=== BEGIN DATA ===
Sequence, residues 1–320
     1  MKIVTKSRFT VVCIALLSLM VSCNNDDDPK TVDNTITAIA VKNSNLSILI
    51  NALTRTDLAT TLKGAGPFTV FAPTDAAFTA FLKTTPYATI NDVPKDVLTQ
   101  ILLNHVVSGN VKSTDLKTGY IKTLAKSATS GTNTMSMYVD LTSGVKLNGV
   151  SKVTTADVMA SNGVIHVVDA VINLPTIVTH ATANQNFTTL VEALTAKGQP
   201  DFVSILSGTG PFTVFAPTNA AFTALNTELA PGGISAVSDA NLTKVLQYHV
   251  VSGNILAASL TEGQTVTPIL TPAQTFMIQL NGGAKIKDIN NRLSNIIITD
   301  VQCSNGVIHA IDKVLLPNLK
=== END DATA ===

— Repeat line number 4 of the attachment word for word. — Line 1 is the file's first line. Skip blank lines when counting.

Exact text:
   101  ILLNHVVSGN VKSTDLKTGY IKTLAKSATS GTNTMSMYVD LTSGVKLNGV